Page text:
Occupational Therapy for New Mothers

Pregnancy can be a beautiful time in a woman’s life. But for some, it can be a complete struggle. This is especially true for new mothers. Their bodies are going through strange changes. They may feel unable to do things they did prior to pregnancy. But occupational therapy for new mothers is a great way to help new mothers adjust to their new, 9-month life. Occupational therapists can open up a whole new world to pregnant women and new mothers. And, because everybody is different, all women will experience pregnancy differently. This makes OT during and after pregnancy a great way to cope with the changes, challenges, and triumphs mothers will face.

Occupational Therapy for New Mothers

First-time mothers will face similar challenges during both the pregnancy and postpartum stages of birth. Knowing what those challenges are and how to help is an OT’s number one job. They often begin by looking at your health experience and examining where your health stands now.

During Pregnancy

Throughout the first few weeks to one month of pregnancy, woman start to notice the physical changes their body makes. This can include swelling and painful breasts, increased urination, and nausea. Around the third month, however, is when women may want to visit their occupational therapist. During this time in pregnancy, new mothers will start to feel back aches as they tend to lean back to accommodate their new growing stomach. Aches and pains in the joints may also become more apparent during this and later stages of pregnancy.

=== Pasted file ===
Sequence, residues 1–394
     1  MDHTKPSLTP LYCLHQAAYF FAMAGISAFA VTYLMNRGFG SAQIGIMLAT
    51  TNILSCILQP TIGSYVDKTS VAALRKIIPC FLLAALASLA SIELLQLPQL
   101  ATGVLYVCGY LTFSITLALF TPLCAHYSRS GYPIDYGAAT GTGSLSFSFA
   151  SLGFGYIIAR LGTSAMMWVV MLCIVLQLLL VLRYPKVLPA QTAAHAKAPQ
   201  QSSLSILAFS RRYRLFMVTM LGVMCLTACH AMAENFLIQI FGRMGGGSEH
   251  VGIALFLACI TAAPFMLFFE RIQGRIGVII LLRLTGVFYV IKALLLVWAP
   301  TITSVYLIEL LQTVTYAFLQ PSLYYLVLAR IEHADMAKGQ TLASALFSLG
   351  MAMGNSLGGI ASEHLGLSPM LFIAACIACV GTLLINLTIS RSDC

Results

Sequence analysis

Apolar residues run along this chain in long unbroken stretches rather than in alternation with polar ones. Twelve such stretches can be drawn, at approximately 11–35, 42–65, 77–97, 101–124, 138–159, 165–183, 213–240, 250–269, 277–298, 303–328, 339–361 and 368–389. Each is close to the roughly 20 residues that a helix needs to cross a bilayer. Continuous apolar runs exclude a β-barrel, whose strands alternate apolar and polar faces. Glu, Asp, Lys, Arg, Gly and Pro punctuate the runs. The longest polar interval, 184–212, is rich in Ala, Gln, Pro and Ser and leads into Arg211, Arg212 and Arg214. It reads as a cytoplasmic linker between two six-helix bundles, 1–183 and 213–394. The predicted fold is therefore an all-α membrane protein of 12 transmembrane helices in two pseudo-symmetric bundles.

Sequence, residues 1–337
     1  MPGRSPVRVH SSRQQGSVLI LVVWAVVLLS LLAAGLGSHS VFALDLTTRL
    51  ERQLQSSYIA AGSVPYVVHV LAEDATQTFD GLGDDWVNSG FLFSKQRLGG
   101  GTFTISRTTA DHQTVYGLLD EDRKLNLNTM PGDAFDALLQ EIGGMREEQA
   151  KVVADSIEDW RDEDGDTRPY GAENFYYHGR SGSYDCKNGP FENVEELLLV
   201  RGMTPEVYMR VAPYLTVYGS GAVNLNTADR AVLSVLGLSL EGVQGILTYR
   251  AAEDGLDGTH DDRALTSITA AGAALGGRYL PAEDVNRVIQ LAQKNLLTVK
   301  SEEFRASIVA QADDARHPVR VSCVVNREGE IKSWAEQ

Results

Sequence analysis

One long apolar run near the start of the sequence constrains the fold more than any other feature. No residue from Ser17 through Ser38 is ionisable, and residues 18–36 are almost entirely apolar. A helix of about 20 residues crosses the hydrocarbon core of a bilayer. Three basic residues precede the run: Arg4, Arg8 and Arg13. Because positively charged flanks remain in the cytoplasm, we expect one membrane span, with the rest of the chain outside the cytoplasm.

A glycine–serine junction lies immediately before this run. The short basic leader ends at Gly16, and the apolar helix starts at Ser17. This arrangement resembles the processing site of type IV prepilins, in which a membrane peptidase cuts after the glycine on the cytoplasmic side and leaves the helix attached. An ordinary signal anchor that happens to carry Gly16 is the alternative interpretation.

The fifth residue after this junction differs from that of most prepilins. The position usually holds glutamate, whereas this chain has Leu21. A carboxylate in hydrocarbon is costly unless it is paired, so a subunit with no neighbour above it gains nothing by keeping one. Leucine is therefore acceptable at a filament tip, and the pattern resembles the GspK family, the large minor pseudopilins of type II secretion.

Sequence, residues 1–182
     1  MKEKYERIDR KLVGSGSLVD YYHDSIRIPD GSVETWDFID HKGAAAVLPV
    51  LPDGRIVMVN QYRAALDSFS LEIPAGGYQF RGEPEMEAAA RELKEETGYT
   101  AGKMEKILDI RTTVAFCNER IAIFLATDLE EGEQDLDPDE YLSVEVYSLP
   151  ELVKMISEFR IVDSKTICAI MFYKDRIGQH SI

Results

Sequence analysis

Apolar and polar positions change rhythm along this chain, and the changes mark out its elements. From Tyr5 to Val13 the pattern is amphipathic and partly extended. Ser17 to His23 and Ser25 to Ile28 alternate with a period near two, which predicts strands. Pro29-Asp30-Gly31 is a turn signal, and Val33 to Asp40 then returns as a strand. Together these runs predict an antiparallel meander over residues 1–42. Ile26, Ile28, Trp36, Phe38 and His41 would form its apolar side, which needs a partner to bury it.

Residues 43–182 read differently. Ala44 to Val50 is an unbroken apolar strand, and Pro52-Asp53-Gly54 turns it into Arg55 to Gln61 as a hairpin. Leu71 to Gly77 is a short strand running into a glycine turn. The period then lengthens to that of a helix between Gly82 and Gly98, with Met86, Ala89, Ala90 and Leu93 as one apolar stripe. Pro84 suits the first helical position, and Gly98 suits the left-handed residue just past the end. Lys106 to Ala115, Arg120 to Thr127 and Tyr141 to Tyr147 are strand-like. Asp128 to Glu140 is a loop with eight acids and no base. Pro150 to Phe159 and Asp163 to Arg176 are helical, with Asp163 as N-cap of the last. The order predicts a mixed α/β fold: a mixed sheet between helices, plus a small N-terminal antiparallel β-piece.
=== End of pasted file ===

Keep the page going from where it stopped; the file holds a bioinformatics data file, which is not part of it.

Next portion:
Midway through pregnancy, women often start to feel fatigued and unable to lift, reach or move around as often as they previously had. This is due to the unborn babies increased movement. It is extremely important to monitor the food you eat which could increase any pains and harm the development of the baby. During the last three to four months of pregnancy, women will begin to have increase backaches, swollen or aching feet, breathlessness, stomach aches or overall soreness, loss of balance, and Braxton Hicks contractions. If you talk to your OT, they should be able to come up with ways to lessen those struggles.


During the delivery and after giving birth, new mothers face one of the hardest moments of the last nine months – recovery. Women can often tear or injure their lower body during and after birth making the next 6 weeks of healing more difficult. By having consistent meetings with your occupational therapist during your pregnancy, it may be easier to get through those few weeks. Many women have difficulty walking around or lifting their legs to shower and change after giving birth.

Benefits of Occupational Therapy for New Mothers

Occupational therapists specializing in prenatal and birth care can help with the issues listed above. One of the most common struggles they assist with is pelvic floor therapy. They also assist with pre and postnatal exercises. Many of these exercises can help:


-Strengthening core muscles

-Improve low back pain and pelvic pain

-Improve sleeping patterns

-Increase energy levels

-Increase flexibility, strength, and endurance

-Provide breathing techniques


-Regain posture and back strength

-Rebuild core muscles

-Relearn exercise techniques

-Mother-baby bonding experiences

-Learn play activities for the baby

Author: Allied Travel Careers

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